Opposition parties launch bid to block the UK's next prime minister from forcing a no-deal Brexit
- The UK Labour party has launched a bid that would hand MPs control of the parliamentary agenda, which could help them block a no-deal Brexit in October.
- A number of leadership candidates seeking to replace Theresa May have said they would take the UK out of the EU without a deal in October if MPs don't back their plan.
- The cross-party motion has support from the SNP and senior Tory MP Oliver Letwin, meaning it could command the support of a majority in parliament.
- Labour says the plan would prevent a future prime minister suspending parliament to force through a no-deal Brexit against parliament's wishes.
LONDON - Britain's next prime minister could be blocked from forcing a no-deal Brexit after a cross-party group of MPs announced plans to introduce legislation later this month, designed to prevent the next prime minister leaving without a deal.
Several Conservative MPs in the race to replace Theresa May as prime minister, including frontrunner Boris Johnson, have said they would try to implement a no-deal Brexit on October 31, the UK's scheduled exit date, even if parliament opposed such a plan.However, the opposition Labour party said it would on Wednesday force a Commons vote which would allow MPs to seize control of the parliamentary agenda, normally controlled by the executive, on Tuesday 25 June.
Opposition MPs would then have the chance to introduce legislation on that day which they believe could help prevent the UK leaving the EU without a deal in October.
The motion has the backing of Labour leader Jeremy Corbyn, Lib Dem leader Vince Cable, and the SNP's Westminster leader Ian Blackford, as well as senior Tory MP Oliver Letwin, meaning it will likely command the support of a majority of MPs in the Commons.
Two of the 10 candidates for leader, Dominic Raab and Esther McVey, have said they would be willing to suspend parliament in order to force through their preferred outcome, something leadership rival Rory Stewart, the international development secretary, said would be unconstitutional and illegal.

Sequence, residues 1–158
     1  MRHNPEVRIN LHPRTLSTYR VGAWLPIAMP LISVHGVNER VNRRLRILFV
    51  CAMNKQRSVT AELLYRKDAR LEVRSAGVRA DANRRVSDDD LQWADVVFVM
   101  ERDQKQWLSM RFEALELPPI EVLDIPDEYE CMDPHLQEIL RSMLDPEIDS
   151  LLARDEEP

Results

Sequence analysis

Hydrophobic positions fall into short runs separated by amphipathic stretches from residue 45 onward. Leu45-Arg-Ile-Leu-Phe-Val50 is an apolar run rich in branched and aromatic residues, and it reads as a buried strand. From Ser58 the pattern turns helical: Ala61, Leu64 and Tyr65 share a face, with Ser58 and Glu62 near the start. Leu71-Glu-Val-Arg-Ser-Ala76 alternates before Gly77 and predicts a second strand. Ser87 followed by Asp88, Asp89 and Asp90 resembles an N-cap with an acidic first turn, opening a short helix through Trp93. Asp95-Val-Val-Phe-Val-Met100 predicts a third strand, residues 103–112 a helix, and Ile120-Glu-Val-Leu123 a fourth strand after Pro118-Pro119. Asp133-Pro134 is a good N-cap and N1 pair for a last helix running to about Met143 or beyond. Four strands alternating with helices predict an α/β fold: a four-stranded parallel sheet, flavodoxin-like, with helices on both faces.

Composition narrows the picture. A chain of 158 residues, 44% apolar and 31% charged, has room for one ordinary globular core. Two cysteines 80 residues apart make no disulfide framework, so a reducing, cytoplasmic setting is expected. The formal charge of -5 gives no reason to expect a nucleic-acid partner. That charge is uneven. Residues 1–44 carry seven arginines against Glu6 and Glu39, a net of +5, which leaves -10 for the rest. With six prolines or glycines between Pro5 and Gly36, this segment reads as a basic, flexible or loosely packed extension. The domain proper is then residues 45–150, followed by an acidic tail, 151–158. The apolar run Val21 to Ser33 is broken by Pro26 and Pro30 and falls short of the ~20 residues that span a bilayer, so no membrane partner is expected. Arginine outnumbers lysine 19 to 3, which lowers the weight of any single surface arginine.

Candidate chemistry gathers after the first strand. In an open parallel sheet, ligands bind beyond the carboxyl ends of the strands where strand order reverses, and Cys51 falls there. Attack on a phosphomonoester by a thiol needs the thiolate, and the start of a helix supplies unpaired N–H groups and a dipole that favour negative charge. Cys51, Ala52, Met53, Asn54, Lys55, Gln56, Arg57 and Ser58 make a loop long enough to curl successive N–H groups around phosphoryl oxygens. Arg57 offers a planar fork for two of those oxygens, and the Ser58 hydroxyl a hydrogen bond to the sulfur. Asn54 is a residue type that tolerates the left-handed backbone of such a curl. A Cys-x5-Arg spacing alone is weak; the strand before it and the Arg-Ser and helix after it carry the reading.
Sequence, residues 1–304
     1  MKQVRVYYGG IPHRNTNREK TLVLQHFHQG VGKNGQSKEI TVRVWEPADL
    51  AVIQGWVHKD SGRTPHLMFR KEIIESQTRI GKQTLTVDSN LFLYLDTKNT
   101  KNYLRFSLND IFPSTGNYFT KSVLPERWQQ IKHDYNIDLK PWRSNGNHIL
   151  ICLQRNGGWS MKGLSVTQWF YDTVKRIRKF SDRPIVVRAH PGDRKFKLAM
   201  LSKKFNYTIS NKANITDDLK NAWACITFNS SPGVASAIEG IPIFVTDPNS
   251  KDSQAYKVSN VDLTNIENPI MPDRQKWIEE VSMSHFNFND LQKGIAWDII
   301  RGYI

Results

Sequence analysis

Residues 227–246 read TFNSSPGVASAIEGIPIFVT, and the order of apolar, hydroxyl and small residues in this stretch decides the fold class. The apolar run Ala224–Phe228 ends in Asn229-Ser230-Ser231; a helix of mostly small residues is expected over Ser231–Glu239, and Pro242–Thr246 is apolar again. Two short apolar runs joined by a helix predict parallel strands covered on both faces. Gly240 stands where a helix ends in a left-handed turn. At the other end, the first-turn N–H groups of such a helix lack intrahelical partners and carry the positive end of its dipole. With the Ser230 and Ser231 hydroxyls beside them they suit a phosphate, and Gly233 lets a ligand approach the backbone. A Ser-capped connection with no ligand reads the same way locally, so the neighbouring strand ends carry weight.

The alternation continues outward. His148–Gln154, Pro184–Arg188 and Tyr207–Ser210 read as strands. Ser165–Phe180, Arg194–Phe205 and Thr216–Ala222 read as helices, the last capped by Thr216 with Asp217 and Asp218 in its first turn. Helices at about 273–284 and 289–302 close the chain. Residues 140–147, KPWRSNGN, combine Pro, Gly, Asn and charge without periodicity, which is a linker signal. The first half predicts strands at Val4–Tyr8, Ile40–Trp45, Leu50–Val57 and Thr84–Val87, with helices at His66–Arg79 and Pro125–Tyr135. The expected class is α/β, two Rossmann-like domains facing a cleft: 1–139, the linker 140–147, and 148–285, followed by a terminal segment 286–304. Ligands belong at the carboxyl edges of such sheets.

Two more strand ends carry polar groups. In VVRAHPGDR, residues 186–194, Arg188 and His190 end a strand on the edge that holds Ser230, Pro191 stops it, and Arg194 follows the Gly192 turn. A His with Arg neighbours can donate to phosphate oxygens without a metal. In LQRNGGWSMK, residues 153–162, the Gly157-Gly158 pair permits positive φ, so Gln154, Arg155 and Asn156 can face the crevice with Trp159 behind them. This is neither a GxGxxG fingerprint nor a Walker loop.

Other members of the Cabinet, including Theresa May, have said the UK cannot leave without a deal unless such an outcome is approved by parliament.
Critics have also warned it would drag the Queen into politics because she would be required to play a formal role in the act of dissolving parliament.Keir Starmer, Labour's shadow Brexit secretary, said: "The debate on Brexit in the Tory leadership contest has descended into the disturbing, the ludicrous and the reckless.
"None of the likely candidates for the top job has a credible plan for how to break the deadlock before the end of October.
"Instead, we have witnessed candidates openly advocating a damaging no deal Brexit and even proposing dragging the Queen into politics by asking her to shut down Parliament to achieve this.
"MPs cannot be bystanders while the next Tory Prime Minister tries to crash the UK out of the European Union without a deal and without the consent of the British people. That's why we are taking this latest measure to end the uncertainty and protect communities across the country.
The motion will use the same procedure used this year when parliament successfully blocked a no-deal Brexit in March.
Unlike typical opposition day debates, the motion will be binding, meaning Downing Street cannot opt to ignore it.
How will MPs stop a no-deal Brexit?
There are limited options available to those wishing to prevent the next prime minister from pursuing a no-deal Brexit. Parliament has previously intervened on this issue through seeking to amend major Brexit votes brought forward by the government.However, with no such votes required before Britain's exit date of October 31, an incoming prime minister could in theory force Britain's exit through a combination of sitting on their hands and suspending parliament in order to prevent any binding votes being brought forward.
This new cross-party motion seeks to pre-empt that by forcing the current government to allocate parliamentary time at the end of June, in which MPs can then pass legislation that would seek to prevent a new prime minister from leaving the EU without a deal.
Such legislation was previously pursued by MPs in the run-up to Britain's original exit date of March 31, but was later withdrawn after the government indicated that they would delay Britain's exit.
Such legislation, if successfully renewed later this month, could seek to force the incoming prime minister to either seek a delay, or if that proved unsuccessful, to simply revoke Article 50 and cancel Brexit.
Faced with such a prospect, the new PM may then feel they have little choice but to seek a general election.
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